|Publication number||US3212926 A|
|Publication date||Oct 19, 1965|
|Filing date||May 31, 1962|
|Priority date||May 31, 1962|
|Also published as||DE1469170A1|
|Publication number||US 3212926 A, US 3212926A, US-A-3212926, US3212926 A, US3212926A|
|Inventors||Charles R Morelock|
|Original Assignee||Gen Electric|
|Export Citation||BiBTeX, EndNote, RefMan|
|Patent Citations (4), Referenced by (8), Classifications (10)|
|External Links: USPTO, USPTO Assignment, Espacenet|
United States Patent York No Drawing. Filed May 31, 1962, Ser. No. 198,758 2 Claims. (Cl. 117126) This invention relates to silica fibers and more partic- Jlarly to fused silica fibers having greatly increased tensile strengths.
Silica fibers of small diameters, for example up to 50 microns, have been used to manufacture such articles as silica mats, yarn and the like. These articles have found widespread use as insulating envelopes, separators, etc., where resistance to high temperature is necessary. There are many situations where use of the fibers requires that the fibers and the articles made from the fibers be electrically non-conductive and possess also the ability to withstand comparatively severe mechanical handling. For example, since many of the articles are produced by weaving or twisting in the same manner a other natural and synthetic fibers, they must be able to withstand the mechanical treatment. Prior to this invention, silica fibers have been generally not mechanically strong and have thus resulted in a high discard rate. The lack of mechanical strength in fibers produced by conventional processes results from defects appearing on their surfaces following a firing operation carried out to remove lubricating compounds used to assist twisting and Weaving operations. The weak mechanical strength of the fibers is felt to occur by reason of chemical reactions taking place at the fiber surfaces during the firing removing the lubrication compounds.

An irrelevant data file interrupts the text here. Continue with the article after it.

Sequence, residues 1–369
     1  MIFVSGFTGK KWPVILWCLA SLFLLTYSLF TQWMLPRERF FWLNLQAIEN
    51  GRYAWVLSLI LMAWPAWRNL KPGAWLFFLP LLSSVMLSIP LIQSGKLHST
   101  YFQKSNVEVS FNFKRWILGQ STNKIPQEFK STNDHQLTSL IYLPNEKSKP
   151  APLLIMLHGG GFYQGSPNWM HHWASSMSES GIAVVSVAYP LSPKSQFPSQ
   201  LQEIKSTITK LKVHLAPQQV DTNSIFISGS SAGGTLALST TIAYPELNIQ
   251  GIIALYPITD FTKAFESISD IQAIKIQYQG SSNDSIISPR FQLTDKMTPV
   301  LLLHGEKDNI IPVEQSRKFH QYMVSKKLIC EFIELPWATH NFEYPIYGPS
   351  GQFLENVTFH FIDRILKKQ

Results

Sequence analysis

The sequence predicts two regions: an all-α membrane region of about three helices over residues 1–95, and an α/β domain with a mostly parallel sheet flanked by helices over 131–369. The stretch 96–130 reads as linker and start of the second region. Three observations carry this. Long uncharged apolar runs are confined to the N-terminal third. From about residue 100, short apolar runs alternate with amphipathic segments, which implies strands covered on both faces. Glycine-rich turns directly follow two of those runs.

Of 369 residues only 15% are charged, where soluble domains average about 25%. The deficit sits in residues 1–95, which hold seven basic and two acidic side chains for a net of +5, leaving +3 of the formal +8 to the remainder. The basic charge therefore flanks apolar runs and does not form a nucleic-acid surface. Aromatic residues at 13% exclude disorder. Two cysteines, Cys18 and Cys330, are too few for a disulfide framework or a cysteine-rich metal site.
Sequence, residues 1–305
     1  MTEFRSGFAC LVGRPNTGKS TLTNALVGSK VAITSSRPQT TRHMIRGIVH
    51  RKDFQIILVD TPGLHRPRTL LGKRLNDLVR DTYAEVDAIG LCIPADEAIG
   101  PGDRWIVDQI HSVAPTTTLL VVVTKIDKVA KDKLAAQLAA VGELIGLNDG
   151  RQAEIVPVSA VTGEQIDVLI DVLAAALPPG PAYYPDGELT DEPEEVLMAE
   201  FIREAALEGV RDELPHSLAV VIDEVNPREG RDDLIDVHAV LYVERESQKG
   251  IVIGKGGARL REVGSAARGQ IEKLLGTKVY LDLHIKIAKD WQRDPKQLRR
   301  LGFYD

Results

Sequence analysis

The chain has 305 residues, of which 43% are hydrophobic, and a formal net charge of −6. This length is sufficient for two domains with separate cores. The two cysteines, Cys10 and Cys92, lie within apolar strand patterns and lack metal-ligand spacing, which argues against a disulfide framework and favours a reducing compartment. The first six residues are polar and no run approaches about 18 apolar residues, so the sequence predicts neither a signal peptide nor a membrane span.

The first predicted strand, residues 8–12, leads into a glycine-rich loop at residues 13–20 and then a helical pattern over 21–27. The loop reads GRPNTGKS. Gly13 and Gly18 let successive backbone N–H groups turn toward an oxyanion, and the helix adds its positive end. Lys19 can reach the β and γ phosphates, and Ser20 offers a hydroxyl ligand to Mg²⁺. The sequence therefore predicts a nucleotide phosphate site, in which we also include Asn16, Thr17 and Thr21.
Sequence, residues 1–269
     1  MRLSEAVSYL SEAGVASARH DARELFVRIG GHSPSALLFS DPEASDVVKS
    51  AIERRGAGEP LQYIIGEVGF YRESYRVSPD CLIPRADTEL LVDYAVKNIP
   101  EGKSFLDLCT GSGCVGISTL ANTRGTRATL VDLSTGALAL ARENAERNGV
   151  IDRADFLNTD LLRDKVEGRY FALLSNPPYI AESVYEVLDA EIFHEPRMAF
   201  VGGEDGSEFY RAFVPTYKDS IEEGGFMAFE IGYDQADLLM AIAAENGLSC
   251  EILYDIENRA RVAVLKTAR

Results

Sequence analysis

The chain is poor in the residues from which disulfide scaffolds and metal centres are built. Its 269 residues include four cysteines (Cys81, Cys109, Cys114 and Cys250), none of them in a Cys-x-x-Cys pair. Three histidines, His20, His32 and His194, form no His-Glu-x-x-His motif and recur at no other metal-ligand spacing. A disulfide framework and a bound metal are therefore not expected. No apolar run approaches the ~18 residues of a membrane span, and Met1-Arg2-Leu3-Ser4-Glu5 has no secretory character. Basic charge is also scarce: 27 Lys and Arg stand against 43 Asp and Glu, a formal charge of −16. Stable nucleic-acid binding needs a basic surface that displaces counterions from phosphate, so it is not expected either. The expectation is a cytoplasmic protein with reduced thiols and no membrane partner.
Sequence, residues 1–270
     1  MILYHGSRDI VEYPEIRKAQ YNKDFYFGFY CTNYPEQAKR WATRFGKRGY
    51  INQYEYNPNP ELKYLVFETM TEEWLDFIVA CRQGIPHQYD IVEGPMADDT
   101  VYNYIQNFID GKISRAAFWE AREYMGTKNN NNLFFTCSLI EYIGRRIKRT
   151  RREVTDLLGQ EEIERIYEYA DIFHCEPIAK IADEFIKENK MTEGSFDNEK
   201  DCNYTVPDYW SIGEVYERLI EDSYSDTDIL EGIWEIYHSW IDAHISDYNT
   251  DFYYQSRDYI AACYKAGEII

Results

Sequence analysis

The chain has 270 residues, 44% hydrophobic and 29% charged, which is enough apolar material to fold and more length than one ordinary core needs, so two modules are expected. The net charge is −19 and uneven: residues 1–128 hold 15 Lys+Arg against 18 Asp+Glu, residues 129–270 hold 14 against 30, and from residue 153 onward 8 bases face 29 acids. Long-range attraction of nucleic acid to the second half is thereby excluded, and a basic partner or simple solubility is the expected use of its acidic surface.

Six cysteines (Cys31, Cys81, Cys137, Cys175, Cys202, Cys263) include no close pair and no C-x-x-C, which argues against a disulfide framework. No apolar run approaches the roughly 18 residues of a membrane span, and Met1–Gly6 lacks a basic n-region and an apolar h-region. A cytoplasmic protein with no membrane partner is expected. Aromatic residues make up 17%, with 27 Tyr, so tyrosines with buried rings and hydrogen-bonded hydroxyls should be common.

It is a principal object of this invention to provide fused silica fibers having greatly improved mechanical strength.
Another object of this invention is to provide fused silica fibers of up to 50 microns in diameter which have thin thermally deposited boron nitride coatings on the exposed surfaces thereof.
Other objects of this invention will be in part obvious and in part explained by reference to the accompanying specification.
Generally, the article of'this invention comprises a fused silica fiber of up to 50 microns in diameter and a pyrolytically or thermally deposited thin coating of boron nitride surrounding the exposed surface of the fiber. The boron nitride coating is extremely thin, for example not generally in excess of 1000 A., and is substantially transparent.